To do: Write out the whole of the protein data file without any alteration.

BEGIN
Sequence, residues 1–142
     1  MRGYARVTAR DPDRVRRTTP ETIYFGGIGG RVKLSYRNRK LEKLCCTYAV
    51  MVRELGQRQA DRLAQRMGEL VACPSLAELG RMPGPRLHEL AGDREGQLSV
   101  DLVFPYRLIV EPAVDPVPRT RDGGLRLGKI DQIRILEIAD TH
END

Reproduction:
Sequence, residues 1–142
     1  MRGYARVTAR DPDRVRRTTP ETIYFGGIGG RVKLSYRNRK LEKLCCTYAV
    51  MVRELGQRQA DRLAQRMGEL VACPSLAELG RMPGPRLHEL AGDREGQLSV
   101  DLVFPYRLIV EPAVDPVPRT RDGGLRLGKI DQIRILEIAD TH